Dec 9, 2019, 9:45 AM, Posted by
Angela Bannerman Ankoma, Sharon Conard-Wells
Many housing projects focus exclusively on putting a roof over peoples’ heads. We sought a broader approach that integrates cultural values into kitchens, homes and neighborhoods.
The literal translation of the word “sankofa,” from the Akan tribe in Ghana, means "go back and fetch it.” Figuratively, it captures an important belief in Akan culture: While the future brings new learning, knowledge from the past must not be forgotten.
This principle guided our efforts to transform 10 formerly blighted lots into a vibrant community of 50 modern “green” apartments in Providence, Rhode Island’s diverse West End community. The $13.5 million development is connected to 30,000 square feet of community garden space. Single fathers come with sons, pastors come with children and people sit under the garden’s pergola, which was built by local youth volunteers. It is, as one article put it, a “beehive of activity.”
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Dec 2, 2019, 11:00 AM, Posted by
We cannot achieve a Culture of Health until our nation is fully inclusive. Yet systemic factors prevent many people with disabilities from thriving.
Next year will mark 30 years since the Americans with Disabilities Act (ADA) became federal law—first of its kind legislation that outlawed discrimination against people living with physical or mental disabilities. It was a culmination of decades of challenging societal barriers that limited access and full participation of people with disabilities.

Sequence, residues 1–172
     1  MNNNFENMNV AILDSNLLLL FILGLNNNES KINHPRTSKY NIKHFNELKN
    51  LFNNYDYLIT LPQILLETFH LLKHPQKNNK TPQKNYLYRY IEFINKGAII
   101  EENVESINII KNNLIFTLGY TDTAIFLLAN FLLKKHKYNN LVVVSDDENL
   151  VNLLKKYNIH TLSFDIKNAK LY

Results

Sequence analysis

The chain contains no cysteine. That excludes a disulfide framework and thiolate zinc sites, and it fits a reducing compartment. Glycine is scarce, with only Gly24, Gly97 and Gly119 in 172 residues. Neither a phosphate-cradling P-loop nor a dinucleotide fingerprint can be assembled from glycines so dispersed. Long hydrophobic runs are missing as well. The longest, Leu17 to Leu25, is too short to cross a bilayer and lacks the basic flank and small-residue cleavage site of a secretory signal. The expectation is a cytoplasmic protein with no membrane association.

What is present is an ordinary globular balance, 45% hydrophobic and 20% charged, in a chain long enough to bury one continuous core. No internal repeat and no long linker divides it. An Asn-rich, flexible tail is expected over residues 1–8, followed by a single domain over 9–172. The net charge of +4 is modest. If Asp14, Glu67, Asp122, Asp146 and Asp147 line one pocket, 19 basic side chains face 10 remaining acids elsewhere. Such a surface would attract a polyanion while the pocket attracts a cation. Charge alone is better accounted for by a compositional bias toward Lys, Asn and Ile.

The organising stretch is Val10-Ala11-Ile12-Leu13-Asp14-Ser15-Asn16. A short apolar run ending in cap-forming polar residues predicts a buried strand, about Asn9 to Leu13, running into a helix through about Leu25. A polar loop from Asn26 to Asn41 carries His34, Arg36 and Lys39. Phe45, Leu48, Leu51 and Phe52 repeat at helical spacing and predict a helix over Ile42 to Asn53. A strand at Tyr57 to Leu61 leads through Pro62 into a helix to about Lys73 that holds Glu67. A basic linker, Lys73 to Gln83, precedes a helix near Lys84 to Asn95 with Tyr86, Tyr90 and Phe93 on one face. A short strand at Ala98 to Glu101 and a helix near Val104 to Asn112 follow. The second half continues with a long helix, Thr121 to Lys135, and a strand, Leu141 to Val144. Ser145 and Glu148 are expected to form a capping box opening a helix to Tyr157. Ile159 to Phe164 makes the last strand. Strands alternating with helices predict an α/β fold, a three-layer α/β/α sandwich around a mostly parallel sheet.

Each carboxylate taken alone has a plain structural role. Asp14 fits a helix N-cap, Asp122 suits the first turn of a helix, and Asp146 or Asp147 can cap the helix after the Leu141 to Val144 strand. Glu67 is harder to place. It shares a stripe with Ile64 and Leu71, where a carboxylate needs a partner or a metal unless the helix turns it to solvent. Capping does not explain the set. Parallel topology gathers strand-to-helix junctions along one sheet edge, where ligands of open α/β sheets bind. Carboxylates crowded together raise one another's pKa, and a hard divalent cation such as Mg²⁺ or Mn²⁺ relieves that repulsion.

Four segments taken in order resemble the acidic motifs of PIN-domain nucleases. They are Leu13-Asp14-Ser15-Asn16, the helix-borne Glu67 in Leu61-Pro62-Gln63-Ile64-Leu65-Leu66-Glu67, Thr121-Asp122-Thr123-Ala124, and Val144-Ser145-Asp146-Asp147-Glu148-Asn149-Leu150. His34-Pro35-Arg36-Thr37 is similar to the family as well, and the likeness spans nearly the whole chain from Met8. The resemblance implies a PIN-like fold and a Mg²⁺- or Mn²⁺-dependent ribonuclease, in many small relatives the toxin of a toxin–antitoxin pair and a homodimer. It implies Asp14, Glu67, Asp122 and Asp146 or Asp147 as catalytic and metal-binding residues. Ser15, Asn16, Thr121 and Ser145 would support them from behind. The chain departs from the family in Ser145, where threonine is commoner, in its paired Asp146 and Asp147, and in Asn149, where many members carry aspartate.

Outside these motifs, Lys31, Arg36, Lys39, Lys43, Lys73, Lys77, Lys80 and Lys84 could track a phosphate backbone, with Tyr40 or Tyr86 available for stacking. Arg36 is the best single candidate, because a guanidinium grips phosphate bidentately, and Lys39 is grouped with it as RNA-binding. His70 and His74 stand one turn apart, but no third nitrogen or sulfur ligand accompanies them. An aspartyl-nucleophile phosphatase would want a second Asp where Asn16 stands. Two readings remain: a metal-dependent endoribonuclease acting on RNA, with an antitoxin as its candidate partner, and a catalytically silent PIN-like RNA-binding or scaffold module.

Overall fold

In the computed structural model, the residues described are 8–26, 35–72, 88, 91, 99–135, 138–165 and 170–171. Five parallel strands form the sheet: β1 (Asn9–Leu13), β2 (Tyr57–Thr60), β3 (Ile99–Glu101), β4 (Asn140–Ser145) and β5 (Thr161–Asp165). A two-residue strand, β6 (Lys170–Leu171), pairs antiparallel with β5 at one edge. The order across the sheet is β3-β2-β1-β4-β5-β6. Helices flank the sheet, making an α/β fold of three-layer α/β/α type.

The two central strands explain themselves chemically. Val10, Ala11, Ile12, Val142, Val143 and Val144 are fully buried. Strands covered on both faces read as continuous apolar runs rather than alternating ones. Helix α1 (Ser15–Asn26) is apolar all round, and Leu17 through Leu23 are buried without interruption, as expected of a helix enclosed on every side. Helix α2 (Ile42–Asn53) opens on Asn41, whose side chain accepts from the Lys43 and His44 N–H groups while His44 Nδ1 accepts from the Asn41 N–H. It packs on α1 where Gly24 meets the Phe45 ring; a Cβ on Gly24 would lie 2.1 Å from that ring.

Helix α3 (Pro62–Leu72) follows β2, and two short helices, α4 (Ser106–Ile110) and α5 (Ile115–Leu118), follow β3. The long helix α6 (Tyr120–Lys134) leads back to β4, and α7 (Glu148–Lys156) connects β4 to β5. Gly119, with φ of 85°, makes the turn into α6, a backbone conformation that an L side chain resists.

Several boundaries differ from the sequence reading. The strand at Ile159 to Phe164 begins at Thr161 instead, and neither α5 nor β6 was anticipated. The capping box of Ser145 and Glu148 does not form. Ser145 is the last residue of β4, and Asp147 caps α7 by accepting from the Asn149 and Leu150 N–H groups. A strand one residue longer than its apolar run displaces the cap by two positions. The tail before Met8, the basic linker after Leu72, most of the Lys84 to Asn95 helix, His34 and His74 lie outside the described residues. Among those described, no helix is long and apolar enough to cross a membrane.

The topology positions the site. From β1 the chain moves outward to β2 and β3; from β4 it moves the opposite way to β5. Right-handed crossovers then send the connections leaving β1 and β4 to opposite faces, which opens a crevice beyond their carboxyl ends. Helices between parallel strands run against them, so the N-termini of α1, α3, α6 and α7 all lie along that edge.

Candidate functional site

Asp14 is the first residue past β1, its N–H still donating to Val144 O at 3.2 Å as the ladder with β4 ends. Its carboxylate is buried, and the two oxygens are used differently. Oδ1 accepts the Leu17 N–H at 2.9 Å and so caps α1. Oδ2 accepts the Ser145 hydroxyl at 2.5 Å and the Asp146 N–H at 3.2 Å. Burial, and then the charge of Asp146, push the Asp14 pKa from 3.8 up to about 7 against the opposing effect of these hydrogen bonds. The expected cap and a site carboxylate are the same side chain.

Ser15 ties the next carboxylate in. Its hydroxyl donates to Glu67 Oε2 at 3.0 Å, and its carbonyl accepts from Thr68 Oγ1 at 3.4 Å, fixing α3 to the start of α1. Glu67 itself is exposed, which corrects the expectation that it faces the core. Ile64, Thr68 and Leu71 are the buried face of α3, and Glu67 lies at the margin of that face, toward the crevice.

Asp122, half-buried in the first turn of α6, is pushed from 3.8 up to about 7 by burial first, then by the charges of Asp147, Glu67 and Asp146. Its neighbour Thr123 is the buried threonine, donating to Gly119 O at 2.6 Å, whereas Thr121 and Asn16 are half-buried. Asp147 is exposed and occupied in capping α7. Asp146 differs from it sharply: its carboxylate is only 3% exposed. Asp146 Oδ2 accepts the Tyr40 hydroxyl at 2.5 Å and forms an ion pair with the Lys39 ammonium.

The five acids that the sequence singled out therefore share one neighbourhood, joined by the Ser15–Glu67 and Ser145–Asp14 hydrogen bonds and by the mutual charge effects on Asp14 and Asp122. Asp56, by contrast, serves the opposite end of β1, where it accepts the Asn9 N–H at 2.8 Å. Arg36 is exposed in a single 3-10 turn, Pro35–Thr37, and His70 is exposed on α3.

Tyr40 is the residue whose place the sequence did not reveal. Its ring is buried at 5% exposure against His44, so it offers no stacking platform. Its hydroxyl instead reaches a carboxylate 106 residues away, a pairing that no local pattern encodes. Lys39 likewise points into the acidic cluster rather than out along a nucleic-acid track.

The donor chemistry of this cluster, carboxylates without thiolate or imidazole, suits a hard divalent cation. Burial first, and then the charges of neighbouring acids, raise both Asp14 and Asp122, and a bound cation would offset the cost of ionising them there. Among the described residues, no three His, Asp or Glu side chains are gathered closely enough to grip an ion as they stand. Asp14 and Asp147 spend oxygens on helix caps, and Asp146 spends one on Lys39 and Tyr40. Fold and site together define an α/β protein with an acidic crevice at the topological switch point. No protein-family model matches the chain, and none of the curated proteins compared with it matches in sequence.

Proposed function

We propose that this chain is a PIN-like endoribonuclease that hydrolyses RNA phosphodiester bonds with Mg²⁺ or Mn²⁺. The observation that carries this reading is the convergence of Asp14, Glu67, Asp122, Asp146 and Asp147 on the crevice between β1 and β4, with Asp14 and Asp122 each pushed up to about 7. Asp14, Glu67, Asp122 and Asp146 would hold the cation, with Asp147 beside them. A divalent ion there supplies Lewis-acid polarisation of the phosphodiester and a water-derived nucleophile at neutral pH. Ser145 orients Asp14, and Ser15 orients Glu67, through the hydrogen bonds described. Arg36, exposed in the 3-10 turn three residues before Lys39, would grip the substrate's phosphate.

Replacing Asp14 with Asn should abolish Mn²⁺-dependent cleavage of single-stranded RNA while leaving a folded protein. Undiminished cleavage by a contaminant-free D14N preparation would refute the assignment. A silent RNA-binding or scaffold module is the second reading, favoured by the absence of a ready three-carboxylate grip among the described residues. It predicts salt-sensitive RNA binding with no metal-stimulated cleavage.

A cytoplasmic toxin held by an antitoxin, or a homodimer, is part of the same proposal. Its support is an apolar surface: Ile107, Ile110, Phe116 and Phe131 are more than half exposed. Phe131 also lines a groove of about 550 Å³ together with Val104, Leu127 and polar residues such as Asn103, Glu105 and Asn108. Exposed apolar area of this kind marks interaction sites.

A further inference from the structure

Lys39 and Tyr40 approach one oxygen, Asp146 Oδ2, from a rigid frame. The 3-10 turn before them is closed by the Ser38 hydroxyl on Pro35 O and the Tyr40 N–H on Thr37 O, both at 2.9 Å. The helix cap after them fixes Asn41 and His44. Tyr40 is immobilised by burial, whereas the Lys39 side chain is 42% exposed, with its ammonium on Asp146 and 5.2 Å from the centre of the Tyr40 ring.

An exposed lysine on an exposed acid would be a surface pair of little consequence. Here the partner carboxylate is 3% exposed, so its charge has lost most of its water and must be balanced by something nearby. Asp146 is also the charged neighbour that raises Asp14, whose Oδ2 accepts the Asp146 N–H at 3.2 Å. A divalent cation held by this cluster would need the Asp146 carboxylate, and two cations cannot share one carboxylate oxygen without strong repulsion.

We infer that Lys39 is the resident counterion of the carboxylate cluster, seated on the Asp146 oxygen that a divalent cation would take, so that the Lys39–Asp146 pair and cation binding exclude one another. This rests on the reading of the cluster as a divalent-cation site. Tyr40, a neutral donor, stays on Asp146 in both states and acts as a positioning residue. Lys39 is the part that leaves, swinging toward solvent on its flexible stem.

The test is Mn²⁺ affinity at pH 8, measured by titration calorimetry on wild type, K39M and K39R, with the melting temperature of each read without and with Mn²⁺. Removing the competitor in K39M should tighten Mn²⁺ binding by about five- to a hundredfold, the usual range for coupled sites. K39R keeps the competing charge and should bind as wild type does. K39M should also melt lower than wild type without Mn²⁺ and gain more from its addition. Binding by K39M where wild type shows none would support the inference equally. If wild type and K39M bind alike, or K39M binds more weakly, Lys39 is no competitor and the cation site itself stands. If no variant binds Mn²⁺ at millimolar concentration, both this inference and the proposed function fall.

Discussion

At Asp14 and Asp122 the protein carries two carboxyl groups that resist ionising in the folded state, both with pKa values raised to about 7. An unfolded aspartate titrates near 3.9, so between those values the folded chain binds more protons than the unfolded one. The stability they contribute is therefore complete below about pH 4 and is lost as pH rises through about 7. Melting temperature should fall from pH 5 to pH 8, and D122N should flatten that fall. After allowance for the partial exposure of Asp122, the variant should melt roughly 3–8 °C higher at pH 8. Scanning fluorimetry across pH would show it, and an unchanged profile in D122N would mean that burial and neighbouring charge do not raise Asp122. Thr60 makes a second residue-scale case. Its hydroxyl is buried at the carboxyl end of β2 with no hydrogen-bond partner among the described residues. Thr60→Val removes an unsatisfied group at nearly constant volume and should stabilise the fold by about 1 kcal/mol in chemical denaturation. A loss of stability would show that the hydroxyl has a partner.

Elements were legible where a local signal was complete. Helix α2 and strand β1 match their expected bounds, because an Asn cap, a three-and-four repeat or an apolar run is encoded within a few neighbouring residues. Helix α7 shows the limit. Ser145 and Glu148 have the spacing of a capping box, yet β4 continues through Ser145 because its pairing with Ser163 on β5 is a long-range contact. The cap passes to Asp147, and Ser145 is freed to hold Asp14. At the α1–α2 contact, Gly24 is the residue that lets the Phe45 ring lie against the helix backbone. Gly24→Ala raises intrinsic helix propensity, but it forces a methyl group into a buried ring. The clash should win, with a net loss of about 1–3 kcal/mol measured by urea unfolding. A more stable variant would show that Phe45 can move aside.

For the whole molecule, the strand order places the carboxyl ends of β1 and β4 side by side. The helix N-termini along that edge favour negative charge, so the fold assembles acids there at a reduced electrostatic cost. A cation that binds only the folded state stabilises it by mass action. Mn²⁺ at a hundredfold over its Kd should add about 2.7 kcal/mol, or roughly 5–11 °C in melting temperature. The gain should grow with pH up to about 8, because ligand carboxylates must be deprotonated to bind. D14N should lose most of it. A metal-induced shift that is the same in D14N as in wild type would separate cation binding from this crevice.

And yet in spite of the ADA’s passage, we still have a long way to go before society is fully inclusive of the 61 million people living in this country with some type of disability. Judy Heumann understands that while the ADA is important, in practice, “we’re not done yet." She is currently a leading advocate for disability inclusion and has been an advisor to institutions like the U.S. State Department, the World Bank, and the Ford Foundation. As a child, Judy was barred from going to school because she used a wheelchair. Years later, she was denied a teaching license for the same reason. These obstacles to education and employment are just two of many barriers that stand in the way of inclusion. Judy understood the need for strong advocacy in partnership with others experiencing continuous discrimination because of their disabilities. This discrimination is also often compounded by class, race, ethnicity, religion, gender, age, or sexual orientation among other characteristics.
I had the chance to personally meet Judy at the first convening of the Presidents’ Council on Disability Inclusion in Philanthropy this year. Darren Walker of the Ford Foundation and I are co-chairing this group of 13 other foundation executives to champion inclusion of people with disabilities in our own institutions and within philanthropy. We have a lot to learn from Judy and many others who have challenged systems and paved the way to making our nation more inclusive.
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Sep 3, 2019, 2:00 PM, Posted by
Post-doctoral researchers: We need your life experiences and academic background to inform inclusive and equitable policies. We’ll provide funding and support.
Law and policies should address, not compound, inequities. This is personal and something I carry with me.
I was 10 years old when a man in my northern New Jersey community was beaten to death outside a neighborhood cafe. Soon after, another community member was beaten and sustained brain damage. The number of victims—all of whom were of South Asian descent—grew over the years. The violence ranged from verbal abuse to brutal assaults and murder. It wasn’t uncommon for my home and other South Asian homes to be vandalized while having to hear racial slurs.